Have you ever misplaced your amp cable or forgotten it for a gig and just grabbed the nearest laptop or computer monitor cable? We all have... Should we? Does it matter?
How Important is your power cable?
Something common to electrical devices is that they are usually only as good as their weakest link. What part does the power cable play? We know it brings the power from the wall to the amp, but where the power goes after that may be the most important. Usually the power goes straight from your cable to the input transformer. This is where it is converted into the voltages that the amp needs to work. Commonly there are 3-600 volts for the plate voltage, 5-7 volts for the rectifier, and 9-12 for other circuits. The consistency of these voltages is key to the amps performance. This is especially true when we start playing. As the loads change on the amp, voltages rise and fall, and because of how electricity works, so does current. When the amp requires more current from the wall.... it needs it NOW. If the power cable is too small, it is theoretically possible for it to not get what it needs fast enough and you could hear this deficiency at the speaker.
Can You Hear a Difference?
If I buy a thicker high end power cable will I hear it? That depends. Usually, the higher the tolerance of the amplifier (like high end audiophile or studio equipment) the higher the likely hood of noticing the fluctuation in current (if any).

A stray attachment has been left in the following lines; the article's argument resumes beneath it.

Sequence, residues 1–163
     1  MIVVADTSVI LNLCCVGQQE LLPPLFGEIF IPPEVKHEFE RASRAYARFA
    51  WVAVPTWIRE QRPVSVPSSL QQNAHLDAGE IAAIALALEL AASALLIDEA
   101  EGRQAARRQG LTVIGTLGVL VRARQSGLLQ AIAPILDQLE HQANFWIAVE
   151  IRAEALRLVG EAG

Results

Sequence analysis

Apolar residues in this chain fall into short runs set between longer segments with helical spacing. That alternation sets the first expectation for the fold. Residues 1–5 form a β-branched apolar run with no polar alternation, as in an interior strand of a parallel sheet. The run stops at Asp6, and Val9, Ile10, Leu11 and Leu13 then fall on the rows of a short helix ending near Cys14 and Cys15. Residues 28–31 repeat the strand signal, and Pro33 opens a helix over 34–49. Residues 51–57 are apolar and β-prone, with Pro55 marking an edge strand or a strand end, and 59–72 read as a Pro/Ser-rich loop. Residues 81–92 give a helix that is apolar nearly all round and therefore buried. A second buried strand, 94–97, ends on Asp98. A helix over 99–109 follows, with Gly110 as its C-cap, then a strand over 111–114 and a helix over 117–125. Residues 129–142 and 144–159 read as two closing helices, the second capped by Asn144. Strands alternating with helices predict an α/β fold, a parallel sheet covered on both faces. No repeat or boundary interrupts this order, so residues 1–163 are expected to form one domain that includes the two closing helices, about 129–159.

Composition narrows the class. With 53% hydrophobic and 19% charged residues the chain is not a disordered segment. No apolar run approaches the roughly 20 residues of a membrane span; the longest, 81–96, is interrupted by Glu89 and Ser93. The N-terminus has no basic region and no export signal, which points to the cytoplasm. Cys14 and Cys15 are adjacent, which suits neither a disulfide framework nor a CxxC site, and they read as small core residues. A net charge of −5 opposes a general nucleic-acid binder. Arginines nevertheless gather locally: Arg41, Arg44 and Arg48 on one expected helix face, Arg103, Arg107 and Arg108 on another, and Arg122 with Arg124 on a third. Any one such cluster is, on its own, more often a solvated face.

The voltage tolerances of your amp play a role too. If your amp can handle fluctuations in current under load and still sounds great... You may not hear a difference.
Do I Need One?
If you buy a high quality amplifier from a builder who has engineered his amplifier properly from the wall to the guitar cable... you may already have what you need.
Fortunately, many of these cables are not expensive. It may be worth a shot for experimentation. It is possible you may even have what you need around the house, but BEWARE. It is a law that every cable be marked with the wire gauge on the side. Most computer and monitor power cables are 18awg. You will be no better off with these cables.
The wiring in your house is usually 14 awg. If you want to remove the weakest link in your power chain, look for that number. Remember, if you use a wimpy extension cable after your amp power cable.... you just undid everything. Like I always say... "don't cheap out on your tone"